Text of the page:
The new Octobot is quite the opposite of your typical hard, metal robot. Researchers at Harvard University have created a 3-D printed soft robot resembling an octopus, and it may be the first major step towards creating soft robots.
Instead of relying on a hard battery pack, the Octobot is powered by a chemical reaction of hydrogen peroxide, allowing it to flex its “tentacles” when the gas is released. The materials making up soft robots are less likely to shatter making this type of robot much more durable than its rigid counterparts. Soft robots could one day have the ability to weave in and out of tight spaces, because they can easily mold into different shapes in ways previous robots never could.
In terms of robotic surgery, a soft autonomous robot like the Octobot has the ability to drastically improve technology. Since robotic surgery is currently still in the hands of the surgeon operating the machine, autonomous, unaided surgery is not yet a complete reality. The main factor behind this delay is the concern for patient safety – leaving a large technical machine to operate on its own can be dangerous. However, soft robots are less likely to hurt humans. If we can perfect the autonomous functions of soft robots, patients may one day be more comfortable with a purely robotic surgical operation.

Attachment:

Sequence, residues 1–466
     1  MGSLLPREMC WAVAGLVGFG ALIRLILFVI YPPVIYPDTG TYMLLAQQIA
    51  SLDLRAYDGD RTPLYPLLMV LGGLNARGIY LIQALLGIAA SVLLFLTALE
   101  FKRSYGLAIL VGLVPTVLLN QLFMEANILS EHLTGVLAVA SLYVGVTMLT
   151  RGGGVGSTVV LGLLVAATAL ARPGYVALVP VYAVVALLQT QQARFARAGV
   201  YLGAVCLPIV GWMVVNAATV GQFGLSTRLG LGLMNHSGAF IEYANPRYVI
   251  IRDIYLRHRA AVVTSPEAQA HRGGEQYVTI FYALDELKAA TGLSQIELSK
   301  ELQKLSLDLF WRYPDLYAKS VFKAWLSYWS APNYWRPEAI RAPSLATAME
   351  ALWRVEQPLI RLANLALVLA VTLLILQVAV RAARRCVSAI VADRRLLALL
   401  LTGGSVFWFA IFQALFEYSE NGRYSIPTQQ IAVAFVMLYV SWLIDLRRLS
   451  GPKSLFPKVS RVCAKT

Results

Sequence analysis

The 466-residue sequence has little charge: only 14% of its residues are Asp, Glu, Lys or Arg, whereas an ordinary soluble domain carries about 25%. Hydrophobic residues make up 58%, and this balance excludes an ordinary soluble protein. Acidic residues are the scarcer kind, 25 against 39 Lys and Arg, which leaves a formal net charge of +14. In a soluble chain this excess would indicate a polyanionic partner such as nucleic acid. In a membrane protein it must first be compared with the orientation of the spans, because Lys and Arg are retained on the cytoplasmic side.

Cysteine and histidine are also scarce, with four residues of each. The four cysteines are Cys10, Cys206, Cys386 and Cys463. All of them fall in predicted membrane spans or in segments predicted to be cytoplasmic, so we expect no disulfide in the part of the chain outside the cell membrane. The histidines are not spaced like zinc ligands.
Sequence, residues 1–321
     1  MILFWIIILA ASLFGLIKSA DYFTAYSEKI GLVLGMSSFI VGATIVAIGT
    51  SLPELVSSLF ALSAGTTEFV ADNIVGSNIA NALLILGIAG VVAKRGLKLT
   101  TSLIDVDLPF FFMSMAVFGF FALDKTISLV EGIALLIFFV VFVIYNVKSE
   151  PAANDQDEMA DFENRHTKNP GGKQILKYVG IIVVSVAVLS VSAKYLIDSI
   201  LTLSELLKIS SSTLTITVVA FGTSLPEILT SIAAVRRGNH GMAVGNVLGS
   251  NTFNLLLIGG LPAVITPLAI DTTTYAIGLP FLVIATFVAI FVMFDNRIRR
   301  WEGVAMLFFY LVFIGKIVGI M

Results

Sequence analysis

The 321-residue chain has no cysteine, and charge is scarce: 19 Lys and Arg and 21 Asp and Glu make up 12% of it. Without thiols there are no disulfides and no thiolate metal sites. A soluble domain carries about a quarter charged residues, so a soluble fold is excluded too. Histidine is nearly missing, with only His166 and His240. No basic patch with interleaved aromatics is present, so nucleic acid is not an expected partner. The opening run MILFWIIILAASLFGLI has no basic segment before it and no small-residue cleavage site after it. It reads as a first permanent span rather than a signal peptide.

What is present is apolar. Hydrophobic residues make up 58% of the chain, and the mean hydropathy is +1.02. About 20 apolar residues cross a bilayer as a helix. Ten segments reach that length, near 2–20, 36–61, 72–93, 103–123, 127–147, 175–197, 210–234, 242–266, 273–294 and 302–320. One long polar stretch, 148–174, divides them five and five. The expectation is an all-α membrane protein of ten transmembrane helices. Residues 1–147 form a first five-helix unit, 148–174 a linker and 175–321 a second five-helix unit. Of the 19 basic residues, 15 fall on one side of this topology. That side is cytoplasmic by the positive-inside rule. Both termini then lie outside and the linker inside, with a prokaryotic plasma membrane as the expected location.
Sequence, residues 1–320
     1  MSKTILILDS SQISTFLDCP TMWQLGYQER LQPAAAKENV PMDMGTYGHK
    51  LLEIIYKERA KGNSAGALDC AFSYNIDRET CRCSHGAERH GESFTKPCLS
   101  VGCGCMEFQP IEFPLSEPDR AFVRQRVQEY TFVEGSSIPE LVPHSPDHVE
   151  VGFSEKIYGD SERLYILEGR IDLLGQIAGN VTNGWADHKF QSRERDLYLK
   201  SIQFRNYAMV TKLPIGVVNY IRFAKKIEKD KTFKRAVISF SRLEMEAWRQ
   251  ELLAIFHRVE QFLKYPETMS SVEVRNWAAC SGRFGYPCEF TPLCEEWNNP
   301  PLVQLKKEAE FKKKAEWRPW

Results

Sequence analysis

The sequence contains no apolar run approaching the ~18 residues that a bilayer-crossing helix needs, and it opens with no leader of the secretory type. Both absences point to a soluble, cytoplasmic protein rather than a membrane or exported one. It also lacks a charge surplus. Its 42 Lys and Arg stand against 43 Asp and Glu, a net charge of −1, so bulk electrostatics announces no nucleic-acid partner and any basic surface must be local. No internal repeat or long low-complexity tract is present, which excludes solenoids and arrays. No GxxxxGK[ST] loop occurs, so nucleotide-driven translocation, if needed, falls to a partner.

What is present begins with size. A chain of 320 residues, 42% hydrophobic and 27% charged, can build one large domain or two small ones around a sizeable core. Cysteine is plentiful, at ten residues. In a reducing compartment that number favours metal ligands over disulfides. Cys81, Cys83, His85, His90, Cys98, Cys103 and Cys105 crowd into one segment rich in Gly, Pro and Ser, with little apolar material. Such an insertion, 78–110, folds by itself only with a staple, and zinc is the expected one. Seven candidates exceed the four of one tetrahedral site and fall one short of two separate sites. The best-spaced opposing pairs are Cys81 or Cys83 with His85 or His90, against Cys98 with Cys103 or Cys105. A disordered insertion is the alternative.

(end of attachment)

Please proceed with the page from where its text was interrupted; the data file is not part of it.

At the Nicholson Center, we continue to research advancements in robotic surgery every day, and we are looking forward to seeing how the industry progresses. To learn more about the types of robots we train with at the Nicholson Center, contact us online today: